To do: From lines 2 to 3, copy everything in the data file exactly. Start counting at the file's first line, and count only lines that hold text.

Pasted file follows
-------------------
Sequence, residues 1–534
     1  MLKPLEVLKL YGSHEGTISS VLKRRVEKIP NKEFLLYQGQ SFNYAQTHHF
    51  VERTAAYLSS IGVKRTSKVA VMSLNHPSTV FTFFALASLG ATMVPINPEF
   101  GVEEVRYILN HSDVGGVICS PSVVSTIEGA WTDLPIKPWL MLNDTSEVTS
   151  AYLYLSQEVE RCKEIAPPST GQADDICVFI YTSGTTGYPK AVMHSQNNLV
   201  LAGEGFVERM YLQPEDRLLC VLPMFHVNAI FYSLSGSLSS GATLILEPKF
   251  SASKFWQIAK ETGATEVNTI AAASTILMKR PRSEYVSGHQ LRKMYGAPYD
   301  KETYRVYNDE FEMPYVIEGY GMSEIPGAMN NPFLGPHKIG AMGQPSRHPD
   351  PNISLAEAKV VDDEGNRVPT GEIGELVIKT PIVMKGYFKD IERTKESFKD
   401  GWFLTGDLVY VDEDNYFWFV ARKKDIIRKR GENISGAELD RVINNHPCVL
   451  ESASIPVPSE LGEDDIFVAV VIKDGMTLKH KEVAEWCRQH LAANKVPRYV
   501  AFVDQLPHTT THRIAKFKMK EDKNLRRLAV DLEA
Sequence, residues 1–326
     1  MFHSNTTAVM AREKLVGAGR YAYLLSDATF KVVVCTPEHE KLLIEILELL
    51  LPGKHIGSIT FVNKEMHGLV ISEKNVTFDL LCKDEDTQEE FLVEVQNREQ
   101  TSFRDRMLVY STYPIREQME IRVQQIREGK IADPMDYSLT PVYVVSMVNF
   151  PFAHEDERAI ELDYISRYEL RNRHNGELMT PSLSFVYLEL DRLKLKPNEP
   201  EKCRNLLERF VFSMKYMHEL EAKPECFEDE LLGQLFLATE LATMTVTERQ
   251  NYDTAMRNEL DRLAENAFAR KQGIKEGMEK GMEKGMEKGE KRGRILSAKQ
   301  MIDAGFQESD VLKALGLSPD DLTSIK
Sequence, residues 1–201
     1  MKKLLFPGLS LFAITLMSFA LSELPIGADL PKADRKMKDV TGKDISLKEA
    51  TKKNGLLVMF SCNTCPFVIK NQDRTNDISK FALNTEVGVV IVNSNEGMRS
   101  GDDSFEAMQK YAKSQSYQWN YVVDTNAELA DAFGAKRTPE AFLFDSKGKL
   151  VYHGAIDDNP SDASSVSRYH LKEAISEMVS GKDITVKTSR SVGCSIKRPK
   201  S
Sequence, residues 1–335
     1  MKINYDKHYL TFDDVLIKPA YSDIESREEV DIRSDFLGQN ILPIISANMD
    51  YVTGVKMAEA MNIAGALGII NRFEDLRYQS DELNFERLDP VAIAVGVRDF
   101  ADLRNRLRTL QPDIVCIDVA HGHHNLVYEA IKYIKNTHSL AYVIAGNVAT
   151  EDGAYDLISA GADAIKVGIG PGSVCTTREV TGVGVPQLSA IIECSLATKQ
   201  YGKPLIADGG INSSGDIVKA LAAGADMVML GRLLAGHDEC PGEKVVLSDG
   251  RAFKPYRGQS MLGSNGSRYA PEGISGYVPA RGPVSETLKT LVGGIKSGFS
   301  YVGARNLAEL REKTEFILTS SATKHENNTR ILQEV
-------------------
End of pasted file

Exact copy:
     1  MLKPLEVLKL YGSHEGTISS VLKRRVEKIP NKEFLLYQGQ SFNYAQTHHF
    51  VERTAAYLSS IGVKRTSKVA VMSLNHPSTV FTFFALASLG ATMVPINPEF